INDEPENDENT NEWS

CentrePort half-year result shows strong recovery

Published: Wed 28 Feb 2018 01:58 PM
CentrePort half-year result shows strong recovery
CentrePort has achieved net profit after tax of $4.9 million for the six months to 31 December 2017
.
The result is in line with budget and demonstrates the Port’s strong recovery from the impacts of the November 2016 earthquake and establishes a platform for growth.
Gross revenue of $34.0 million for the six months was ahead of plan, largely because of the faster than expected recovery in container trade, which has returned to pre-earthquake levels.
The Port also achieved strong growth in all its key trades with break bulk revenues 4% ahead of budget and logs up 5% with 653,000 JAS (Japanese Agricultural Standard) tonnes exported, together with a strong cruise ship season.
Chairman Lachie Johnstone said the company had bounced back from the worst impacts of the earthquake and was investing in resilience and regeneration of the business for future growth.
“It’s been a case of sure and steady as we realise further insurance income to help us plan for our long-term future.
“We provisioned $63 million last financial year for strengthening Port land and are continuing to develop our Port Master Plan, while also managing environmental impacts through recycling of demolition materials.”
Acting Chief Executive Anthony Delaney said it was pleasing to get the business back to pre-earthquake levels, while working in a changing and demanding environment.
“We’ve had to adjust to a lot of change and disruption. Our team and partners have embraced the challenge to keep people and freight moving safely and efficiently through the Port.”
In September 2017, the Port restarted its two ship-to-shore cranes after $28 million of temporary works to stabilise the container wharf and get container trade flowing again.
In the past year, the company has removed earthquake-prone and affected buildings including Statistics House and Shed 37 and commenced deconstruction of the Thorndon Container Wharf.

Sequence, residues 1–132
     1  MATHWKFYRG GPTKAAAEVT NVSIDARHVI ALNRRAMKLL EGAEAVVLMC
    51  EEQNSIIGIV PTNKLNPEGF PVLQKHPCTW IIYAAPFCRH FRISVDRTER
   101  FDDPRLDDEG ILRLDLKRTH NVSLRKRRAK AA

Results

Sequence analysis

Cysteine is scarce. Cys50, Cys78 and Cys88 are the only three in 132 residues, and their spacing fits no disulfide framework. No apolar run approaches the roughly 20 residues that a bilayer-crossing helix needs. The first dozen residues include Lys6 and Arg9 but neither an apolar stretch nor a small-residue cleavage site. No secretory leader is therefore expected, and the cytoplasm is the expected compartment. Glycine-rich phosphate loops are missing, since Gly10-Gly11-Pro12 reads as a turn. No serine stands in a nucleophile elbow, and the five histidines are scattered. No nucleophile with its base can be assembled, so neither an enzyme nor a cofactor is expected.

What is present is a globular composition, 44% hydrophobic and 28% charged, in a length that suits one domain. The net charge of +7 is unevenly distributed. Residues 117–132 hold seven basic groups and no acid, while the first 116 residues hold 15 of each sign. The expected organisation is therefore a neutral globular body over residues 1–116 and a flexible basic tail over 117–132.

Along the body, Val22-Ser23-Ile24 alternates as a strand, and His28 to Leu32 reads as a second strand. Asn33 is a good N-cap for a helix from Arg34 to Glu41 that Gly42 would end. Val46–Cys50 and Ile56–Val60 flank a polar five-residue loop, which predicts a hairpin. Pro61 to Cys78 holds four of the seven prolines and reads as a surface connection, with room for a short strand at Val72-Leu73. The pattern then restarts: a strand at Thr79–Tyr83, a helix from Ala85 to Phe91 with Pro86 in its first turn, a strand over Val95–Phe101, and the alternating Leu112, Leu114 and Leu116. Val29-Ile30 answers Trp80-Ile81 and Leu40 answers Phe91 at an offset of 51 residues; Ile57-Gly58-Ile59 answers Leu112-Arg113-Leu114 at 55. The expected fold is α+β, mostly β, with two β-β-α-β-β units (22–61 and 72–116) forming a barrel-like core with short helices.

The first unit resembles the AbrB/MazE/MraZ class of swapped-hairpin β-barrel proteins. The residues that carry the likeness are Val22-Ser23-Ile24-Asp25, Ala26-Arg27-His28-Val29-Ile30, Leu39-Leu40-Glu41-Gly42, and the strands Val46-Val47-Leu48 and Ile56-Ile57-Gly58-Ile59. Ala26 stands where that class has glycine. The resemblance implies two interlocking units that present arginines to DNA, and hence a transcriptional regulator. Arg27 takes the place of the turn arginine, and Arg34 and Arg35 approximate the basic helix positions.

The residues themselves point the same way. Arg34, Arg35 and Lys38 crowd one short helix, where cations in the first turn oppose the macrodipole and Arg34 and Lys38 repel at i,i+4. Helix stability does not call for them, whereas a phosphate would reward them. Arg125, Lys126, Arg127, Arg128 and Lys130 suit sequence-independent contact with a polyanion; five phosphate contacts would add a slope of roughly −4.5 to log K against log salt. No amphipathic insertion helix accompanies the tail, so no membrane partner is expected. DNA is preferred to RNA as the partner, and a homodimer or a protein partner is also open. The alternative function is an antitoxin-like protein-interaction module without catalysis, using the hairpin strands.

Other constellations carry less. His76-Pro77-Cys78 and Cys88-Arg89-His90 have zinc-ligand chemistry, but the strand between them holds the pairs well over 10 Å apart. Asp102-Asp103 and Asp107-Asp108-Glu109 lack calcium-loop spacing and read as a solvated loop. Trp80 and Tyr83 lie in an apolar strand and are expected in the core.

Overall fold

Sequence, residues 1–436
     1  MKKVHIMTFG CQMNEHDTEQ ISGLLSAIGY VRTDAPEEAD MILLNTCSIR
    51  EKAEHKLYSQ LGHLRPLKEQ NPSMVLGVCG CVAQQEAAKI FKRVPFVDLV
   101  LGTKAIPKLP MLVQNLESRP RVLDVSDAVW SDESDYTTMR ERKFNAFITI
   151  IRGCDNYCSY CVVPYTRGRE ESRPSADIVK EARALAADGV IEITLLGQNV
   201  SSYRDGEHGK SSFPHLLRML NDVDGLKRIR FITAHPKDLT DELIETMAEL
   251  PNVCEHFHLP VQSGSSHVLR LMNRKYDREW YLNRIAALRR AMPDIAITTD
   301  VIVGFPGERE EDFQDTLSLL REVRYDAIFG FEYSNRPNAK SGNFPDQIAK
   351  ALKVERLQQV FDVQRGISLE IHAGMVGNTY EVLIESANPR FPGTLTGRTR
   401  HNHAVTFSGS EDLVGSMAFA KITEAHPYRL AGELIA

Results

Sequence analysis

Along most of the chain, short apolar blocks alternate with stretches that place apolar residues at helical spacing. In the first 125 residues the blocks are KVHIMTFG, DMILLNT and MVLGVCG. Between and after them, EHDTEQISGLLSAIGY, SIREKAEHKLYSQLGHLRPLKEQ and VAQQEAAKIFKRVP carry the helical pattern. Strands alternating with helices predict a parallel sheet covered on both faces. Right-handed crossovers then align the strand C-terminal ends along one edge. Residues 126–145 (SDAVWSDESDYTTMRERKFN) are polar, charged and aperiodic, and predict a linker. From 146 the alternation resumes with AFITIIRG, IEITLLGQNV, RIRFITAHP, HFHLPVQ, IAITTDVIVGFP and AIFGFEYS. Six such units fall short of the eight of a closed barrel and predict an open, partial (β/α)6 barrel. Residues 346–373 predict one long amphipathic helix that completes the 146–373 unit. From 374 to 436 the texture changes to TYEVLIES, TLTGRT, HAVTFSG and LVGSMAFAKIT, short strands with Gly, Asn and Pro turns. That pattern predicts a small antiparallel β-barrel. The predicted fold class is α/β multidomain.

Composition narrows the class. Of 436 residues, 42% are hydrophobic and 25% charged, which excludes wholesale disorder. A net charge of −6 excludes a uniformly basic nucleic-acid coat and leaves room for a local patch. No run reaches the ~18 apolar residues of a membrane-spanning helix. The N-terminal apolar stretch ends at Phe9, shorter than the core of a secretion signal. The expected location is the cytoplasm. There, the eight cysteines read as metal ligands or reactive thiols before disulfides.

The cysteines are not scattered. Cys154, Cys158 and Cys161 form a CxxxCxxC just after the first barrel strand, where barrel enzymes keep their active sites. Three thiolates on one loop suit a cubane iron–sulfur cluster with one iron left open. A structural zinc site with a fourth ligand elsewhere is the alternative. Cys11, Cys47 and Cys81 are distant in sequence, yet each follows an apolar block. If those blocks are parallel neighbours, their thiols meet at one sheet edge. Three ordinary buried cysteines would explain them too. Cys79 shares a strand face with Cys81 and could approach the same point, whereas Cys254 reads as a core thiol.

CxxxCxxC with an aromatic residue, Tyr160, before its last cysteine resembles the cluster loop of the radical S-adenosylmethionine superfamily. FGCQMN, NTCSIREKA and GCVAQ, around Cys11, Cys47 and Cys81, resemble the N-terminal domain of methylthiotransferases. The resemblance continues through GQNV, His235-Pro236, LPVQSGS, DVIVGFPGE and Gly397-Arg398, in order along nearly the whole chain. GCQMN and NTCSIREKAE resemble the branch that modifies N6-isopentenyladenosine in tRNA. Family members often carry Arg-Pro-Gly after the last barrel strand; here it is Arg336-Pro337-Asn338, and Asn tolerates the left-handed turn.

The company is in the process of undertaking works to facilitate two break bulk/log berths following the re-introduction of Aotea Quay 1 back into operational service.
Mr Delaney said the impact of the Kaikoura earthquake had underlined the importance of the Port as a strategic asset for the country, particularly in a natural disaster.
“The importance of the need to build resilience into our business and assets so we can keep essential goods and services flowing into the Capital and central region continues to be highlighted.”
The results for the 6 months ended 31 December 2017 follow.

Next in Business, Science, and Tech

No New Coal Boilers for Fonterra
By: Fonterra
Soil turned on controversial Waimea Dam
By: RNZ
Drones will help economy take off
By: New Zealand Government
Fuel and rent drive inflation
By: Statistics New Zealand
Fonterra to go coal-free 11 years ahead of schedule
By: BusinessDesk
Government welcomes Fonterra’s speedy moves away from coal
By: New Zealand Government
Coal group welcomes Fonterra's coal exit
By: Coal Action Network
Coal Action protest finishes
By: Coal Action Network
Fonterra decision stimulus for increased biomass fuel supply
By: Bioenergy Association
Fonterra’s announcement a win for the climate movement
By: 350 Aotearoa
Methane target could be catastrophic - Shareholders' Council
By: BusinessDesk
Drone integration a flight closer
By: Airways New Zealand
New recommendations on flying drones over marine animals
By: AUT University
Pizza-by-drone a reality with world-first NZ delivery
By: Domino's Pizza
View as: DESKTOP | MOBILEWe're in BETA! Send Feedback © Scoop Media